1958 Cadillac Offered More of Everything
Cadillac relaxed its self-restraint in 1958 as it built on the previous model’s look. The era of extreme tailfins and liberal chrome, though, was brief.
Tailfins by 1958 were an established tradition at Cadillac, according to American Cars of the 1940s, and for their first 10 years starting in 1948 had amounted to raised lenses at the fenders’ trailing edges. Visible from the sides as well as the rear, the gently curved lights had become unmistakable symbols of Cadillac, but that changed in a small way in 1955 with the Eldorado’s restyling.
1955 Eldorado Introduced the Fins of the Future-1958 Cadillac
Cadillac, according to Special Interest American Cars, had introduced its limited-production Eldorado as a 1953 model and used it both as a means to provide customers with exclusivity and as a teaser for future Cadillacs. That first Eldorado carried a wraparound windshield; one year later, it was a standard feature on every Cadillac.
With the rest of the Cadillac line, the Eldorado wore new lines for 1954, but in 1955, it again served as an advance look at what was to come. This time, the difference was in the form of a rear clip that was unlike anything yet seen on a Cadillac.
The high lenses were abandoned in favor of circular taillights sharing fixtures with backup lights. Fins grew narrow and were now high enough that the lights were placed at their mid-levels.
1957 Cadillac Eased the New Look in Gradually
The Eldorado’s distinctive fins were a big jump to make at once and they were still just half of the car. Production Cadillacs through 1956 retained the much tamer fins evolved from the 1948 model and front-end styling that pleasantly updated the 1954 design, according to the Standard Catalog, so the need to avoid an abrupt transition that might put off loyal customers fell to the 1957 Cadillac.
The new car did its job well, striking a balance between carryover styling cues and new features. Lengths, according to the Standard Catalog, were effectively unchanged – a Series 62 sedan, for example, went from 129 inches to 129.5 inches in wheelbase and 214.8 inches to 215.9 inches in wheelbase – but the 1957 Cadillacs seemed longer. The windshield was still a wraparound, but its pillars now angled rearward at bottom. Headlights remained shaded, but the hood was now flatter and no longer towered above the fenders.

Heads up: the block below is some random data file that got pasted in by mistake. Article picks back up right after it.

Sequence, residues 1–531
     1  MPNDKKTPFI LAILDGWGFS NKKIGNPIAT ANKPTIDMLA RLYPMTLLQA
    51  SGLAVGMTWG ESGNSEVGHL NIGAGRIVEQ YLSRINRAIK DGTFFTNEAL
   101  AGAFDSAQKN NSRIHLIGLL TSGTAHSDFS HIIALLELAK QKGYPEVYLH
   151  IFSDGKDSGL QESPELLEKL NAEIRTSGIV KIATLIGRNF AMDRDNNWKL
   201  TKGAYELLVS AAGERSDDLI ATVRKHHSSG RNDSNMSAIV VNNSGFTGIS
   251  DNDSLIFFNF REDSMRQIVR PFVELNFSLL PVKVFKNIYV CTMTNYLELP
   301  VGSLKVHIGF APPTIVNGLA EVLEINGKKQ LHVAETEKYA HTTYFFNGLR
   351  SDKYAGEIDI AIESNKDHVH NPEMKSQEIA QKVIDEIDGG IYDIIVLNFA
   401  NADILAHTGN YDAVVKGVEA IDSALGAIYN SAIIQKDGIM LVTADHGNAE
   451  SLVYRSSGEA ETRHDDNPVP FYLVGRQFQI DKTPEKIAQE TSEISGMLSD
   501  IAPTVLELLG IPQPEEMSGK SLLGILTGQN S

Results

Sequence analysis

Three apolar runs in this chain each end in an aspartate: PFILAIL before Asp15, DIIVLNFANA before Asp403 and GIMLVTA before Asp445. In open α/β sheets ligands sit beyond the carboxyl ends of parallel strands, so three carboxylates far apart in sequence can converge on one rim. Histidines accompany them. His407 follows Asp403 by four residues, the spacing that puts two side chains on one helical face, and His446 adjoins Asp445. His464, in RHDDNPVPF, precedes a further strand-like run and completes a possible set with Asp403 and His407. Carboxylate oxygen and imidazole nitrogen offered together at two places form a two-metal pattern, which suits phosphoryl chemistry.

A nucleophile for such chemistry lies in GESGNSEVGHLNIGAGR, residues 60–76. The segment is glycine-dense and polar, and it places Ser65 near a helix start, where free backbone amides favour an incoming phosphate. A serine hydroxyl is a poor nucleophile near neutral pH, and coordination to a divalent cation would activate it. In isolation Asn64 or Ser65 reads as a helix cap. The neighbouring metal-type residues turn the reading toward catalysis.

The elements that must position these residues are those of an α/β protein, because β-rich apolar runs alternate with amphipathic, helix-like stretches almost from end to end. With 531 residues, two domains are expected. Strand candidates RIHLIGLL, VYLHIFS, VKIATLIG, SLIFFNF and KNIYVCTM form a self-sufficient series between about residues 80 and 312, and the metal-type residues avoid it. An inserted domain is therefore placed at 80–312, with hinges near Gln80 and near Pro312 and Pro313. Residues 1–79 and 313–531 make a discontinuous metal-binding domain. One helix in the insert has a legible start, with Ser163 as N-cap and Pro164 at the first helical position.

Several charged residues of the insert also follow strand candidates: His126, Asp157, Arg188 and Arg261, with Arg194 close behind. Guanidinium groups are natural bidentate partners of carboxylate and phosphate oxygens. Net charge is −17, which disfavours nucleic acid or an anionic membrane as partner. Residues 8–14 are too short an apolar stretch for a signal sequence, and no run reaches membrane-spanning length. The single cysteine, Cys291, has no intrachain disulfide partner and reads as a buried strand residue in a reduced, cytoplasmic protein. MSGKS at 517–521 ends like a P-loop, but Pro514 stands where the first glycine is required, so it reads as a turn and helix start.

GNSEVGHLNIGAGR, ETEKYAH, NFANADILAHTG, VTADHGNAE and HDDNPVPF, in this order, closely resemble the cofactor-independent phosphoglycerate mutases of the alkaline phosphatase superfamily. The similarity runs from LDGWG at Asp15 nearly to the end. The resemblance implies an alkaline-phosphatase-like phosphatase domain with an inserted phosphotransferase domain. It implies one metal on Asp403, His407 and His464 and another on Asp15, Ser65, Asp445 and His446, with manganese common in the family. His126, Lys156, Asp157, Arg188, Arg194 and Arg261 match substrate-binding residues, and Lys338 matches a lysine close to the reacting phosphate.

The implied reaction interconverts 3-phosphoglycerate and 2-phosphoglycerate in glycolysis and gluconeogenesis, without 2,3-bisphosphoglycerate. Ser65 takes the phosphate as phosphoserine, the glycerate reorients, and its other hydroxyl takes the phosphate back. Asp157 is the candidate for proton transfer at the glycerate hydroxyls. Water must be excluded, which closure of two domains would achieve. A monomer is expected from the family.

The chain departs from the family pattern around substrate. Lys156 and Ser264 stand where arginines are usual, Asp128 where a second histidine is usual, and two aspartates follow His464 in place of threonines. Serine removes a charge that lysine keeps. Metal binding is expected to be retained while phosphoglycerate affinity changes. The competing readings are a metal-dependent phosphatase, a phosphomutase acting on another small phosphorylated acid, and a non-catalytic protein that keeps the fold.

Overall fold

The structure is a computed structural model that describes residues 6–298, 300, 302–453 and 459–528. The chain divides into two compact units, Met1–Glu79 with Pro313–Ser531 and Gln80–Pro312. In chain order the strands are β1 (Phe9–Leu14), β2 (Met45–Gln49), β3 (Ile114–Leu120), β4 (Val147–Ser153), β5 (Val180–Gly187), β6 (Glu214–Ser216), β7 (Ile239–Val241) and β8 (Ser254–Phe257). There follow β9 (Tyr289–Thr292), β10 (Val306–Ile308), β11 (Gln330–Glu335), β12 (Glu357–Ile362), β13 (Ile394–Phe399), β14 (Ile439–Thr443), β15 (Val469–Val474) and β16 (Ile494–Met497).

The roofline was less formally upright and its rear post angled forward at bottom to mirror the front pillar. Like the hood, the decklid was now flatter, but the real change at rear was in the fins, which True’s Automobile Yearbook called “projectiles” and were related more closely to those of the 1956 Eldorado than to those of production 1956 Cadillacs.
1958 Cadillac Moved Further From the Past
Coming as it did after a completely restyled model, the 1958 Cadillac was heavily updated rather than totally new and to that end, seemingly everything was pushed a big step ahead. Two headlights became four – a design feature introduced on the previous year’s ultra-exclusive Eldorado Brougham – and the bullet-like bumperettes that had appeared in 1942 returned for their final year, again carrying the rubber tips first seen in 1957.
On each side, a rounded bodyline line again trailed from behind the B pillar to the taillight housing as in 1957; the taillights remained at the same level, but seemed lower because of the fins’ added height.
The Series 62 again rode a 129.5-inch wheelbase, according to the Standard Catalog, although a comparison of overall lengths is complicated. As in 1957, various series used different wheelbases and lengths, but 1958 saw Cadillac add what it called the Extended Deck version to the Series 62 line. While the conventional Series 62 four-door sedan measured 216.8 inches, the Extended Deck car reached 225.3 inches.
No 1958 Cadillac was a light car, of course, as the Standard Catalog places every model well above the two-ton mark and several at closer to three tons. Moving that amount of weight required a capable engine and according to Chilton’s Manual, the 1958 Cadillac’s 365-cubic-inch V-8 produced 310 horsepower in single-carburetor form and 335 horsepower when equipped with three carbs; those figures were up slightly from the previous year’s 300 and 325 horsepower. The engine was an overhead-valve design directly descended from the 1949 Cadillac’s landmark V-8, a 331-cubic-inch, 160-horsepower unit that pioneered the oversquare proportions – the cylinder diameter is greater than the piston’s stroke – that became the industry standard.
The engine would continue to grow in displacement and horsepower for several years – the 1962 Cadillac would be the last to use it – and would produce 325 or 345 horsepower from 390 cubic inches in the 1959 Cadillac. That car’s sheer flashines would represent a major break from previous models, but it would retain enough Cadillac styling cues to be instantly identifiable.